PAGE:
2015 Ehlers Estate "1886" St. Helena Cabernet Sauvignon (Previously $100)

SKU #1405239 93 points Robert Parker's Wine Advocate

 The deep garnet-purple colored 2015 Cabernet Sauvignon 1886 is a blend of 92% Cabernet Sauvignon, 4% Cabernet Franc, 3% Merlot and 1% Petit Verdot from St. Helena. Scented of red and black plums, earth and spice box with a waft of cedar and toast, the medium to full-bodied mouth shows a good core of energetic fruit, with a firm backbone, grainy tannins and a lively finish. (LPB)  (10/2017)

93 points Wine Spectator

 Beautifully crafted and slow to unfold, but does so with wonderful grace and finesse, offering a mix of cherry, dark berry, cedar, anise and crushed rock flavors. Drink now through 2032. (JL)  (10/2018)

92 points Wine Enthusiast

 Touches of Cabernet Franc, Merlot and Petit Verdot figure into the mix of this impressive wine, a study in reductive oak and cherry vanilla. Substantial concentration belies an underlying foundation of acidity, that lingers and supports flashes of cinnamon and black cherry.  (6/2018)

K&L Notes

Winery Notes: "Dark black and scarlet color, rich and complex, this is a classic Napa Valley Cabernet with an underlying earthiness and soft fat tanins woven around a black plum and red fruit melody, and built on a firm acidic framework. Long finish, lingering impressions of cinnamon, coffee, and dark chocolate. A classic Ehlers Estate "1886" that will continue to improve for decades." Founded by Gold Rush merchant Bernard Ehlers in the 1880s (thus the "1886"), Ehlers Estate is now owned by the Leducq Foundation, established by Jean and Sylviane Leducq to support cardiovascular research. The 42-acre estate that surrounds the winery is CCOF certified organic and the Ehlers team practices sustainable and biodynamic viniculture. It's a lesser-known gem of the Napa Valley, and we love their wines, too. *Biodynamic*


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Varietal:

Cabernet Sauvignon and Blends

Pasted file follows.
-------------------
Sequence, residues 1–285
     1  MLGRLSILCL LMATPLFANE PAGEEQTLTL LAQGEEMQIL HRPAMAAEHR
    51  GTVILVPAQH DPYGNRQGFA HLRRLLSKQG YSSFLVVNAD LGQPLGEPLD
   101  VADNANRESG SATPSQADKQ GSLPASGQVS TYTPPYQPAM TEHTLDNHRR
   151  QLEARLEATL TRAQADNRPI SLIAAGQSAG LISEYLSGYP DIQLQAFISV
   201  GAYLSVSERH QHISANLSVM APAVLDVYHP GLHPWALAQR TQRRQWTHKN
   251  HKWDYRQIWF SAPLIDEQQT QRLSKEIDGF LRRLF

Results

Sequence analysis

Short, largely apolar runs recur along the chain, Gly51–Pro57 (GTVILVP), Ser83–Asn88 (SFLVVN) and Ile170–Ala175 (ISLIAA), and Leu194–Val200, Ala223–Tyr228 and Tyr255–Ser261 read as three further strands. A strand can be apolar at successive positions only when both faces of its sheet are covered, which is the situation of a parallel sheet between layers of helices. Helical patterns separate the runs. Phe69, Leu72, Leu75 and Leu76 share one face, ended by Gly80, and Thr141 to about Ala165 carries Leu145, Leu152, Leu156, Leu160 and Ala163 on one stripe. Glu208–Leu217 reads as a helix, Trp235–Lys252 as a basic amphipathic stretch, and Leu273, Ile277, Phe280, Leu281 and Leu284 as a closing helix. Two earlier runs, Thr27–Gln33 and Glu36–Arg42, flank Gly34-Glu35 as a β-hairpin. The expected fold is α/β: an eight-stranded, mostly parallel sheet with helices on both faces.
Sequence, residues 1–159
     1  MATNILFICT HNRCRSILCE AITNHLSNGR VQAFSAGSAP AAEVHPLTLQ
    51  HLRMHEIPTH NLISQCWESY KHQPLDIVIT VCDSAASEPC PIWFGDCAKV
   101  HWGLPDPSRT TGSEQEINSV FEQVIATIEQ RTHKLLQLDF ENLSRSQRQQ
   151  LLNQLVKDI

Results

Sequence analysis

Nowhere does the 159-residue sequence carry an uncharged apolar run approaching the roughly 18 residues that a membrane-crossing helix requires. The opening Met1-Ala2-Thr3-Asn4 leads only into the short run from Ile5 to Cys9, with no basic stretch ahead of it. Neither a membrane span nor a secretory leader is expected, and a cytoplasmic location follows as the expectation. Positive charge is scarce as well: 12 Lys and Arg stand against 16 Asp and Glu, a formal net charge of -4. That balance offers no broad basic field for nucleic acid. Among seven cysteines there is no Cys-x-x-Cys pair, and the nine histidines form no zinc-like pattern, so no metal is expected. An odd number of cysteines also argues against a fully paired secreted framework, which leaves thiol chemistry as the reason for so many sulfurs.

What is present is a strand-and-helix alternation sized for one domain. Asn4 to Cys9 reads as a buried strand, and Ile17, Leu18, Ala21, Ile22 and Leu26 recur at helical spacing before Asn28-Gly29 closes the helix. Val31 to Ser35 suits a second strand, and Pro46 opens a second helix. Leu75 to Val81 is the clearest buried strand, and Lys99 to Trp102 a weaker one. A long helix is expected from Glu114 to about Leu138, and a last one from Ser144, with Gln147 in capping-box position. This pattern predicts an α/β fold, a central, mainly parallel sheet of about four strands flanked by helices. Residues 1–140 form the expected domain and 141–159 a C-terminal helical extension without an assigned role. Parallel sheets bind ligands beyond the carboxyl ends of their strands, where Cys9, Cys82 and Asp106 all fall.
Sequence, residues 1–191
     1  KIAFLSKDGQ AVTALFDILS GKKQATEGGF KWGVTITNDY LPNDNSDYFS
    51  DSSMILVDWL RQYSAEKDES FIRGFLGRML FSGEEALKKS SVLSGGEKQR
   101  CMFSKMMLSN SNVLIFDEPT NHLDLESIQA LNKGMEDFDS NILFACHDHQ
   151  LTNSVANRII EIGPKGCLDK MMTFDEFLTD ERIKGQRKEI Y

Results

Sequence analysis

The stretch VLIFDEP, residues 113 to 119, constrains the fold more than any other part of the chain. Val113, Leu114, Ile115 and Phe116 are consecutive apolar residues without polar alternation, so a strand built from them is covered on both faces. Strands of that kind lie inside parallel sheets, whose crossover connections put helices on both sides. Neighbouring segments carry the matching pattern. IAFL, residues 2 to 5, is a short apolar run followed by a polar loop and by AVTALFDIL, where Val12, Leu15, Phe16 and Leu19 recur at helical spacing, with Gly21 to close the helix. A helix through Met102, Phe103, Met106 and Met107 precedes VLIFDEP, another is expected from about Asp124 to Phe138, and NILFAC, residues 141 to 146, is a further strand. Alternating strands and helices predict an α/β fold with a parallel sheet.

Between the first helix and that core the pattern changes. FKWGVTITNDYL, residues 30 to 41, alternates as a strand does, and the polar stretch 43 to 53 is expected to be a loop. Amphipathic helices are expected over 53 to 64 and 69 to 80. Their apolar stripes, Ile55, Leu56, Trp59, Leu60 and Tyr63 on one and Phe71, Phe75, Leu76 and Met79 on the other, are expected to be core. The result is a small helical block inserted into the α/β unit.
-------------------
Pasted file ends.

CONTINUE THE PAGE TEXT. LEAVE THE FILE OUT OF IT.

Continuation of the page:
- Cabernet Sauvignon has come a long way from its role as a blending varietal, however dominant, in the wines of Bordeaux. Today it is the most planted red varietal in the world. Identified as a descendent of Cabernet Franc and Sauvignon Blanc, the late-ripening Cabernet Sauvignon needs to be planted in warmer climates to fully ripen. Its small berries can easily be identified for their distinctive blue color, thick skins and high tannins. And while the varietal has its own definitive characteristics: green pepper-like aromas and black currant flavors among them, it is perhaps most prized for its ability to convey terroir, vintage and winemaking. A relatively new varietal, Cabernet Sauvignon started making inroads into the wines of the Médoc and Graves in the late-18th century. Today it is also dominant in the up-and-coming Entre-Deux-Mers region of Bordeaux and can also be found in Southwest France. It is the companion varietal to Sangiovese in Italy's Super Tuscans and is planted all over Europe, stretching to lesser-known winegrowing regions like Russia and Lebanon. In the Americas Cabernet Sauvignon has found champions in every nook and cranny of California and among winemakers in Washington, where it complements plantings of Merlot. In South America, Cab thrives in Chile, but can also be found in smaller amounts in Argentina and even in Mexico.
Country:

United States

- When people consider domestic wine, they normally think about the state of California. The fine viticultural Region within California, including the Napa Valley, Sonoma, Santa Cruz Mountains, Mendocino and Santa Barbara, are capable of growing grapes of world-class quality. But there's plenty of fabulous wine coming from other states, too. Oregon, Washington and New York are also causing eyebrows (and glassware) to be raised around the world.
Sub-Region:

California

- With the explosive growth that California's wine industry has seen the past several years, it's easy to view winemaking and grape growing in the Golden State as a recent phenomenon. And while it's true that California's viticultural history is brief compared to several European countries, this state's roots date back well over 200 years. Due to the enormous response to California wine within the United States and worldwide, there are thousands of excellent and diverse wines being produced within the state each year.
Specific Appellation:

Napa Valley

- America's most famous wine region, which encompasses a varied geographical territory running about 20 miles long from the San Francisco Bay northward to the foot of Mount St. Helena. Napa's great diversity, both in terms of climate and terroir, has led to the creation of a number of smaller AVAs like Stags Leap District, Rutherford, Howell Mountain, Oakville and Mount Veeder, among others. Cabernet and chardonnay still reign supreme, but just about everything under the sun is grown in Napa Valley, in quality levels ranging from $2 jug wine to $500 a bottle California cab.
Alcohol Content (%): 14.2
Organic: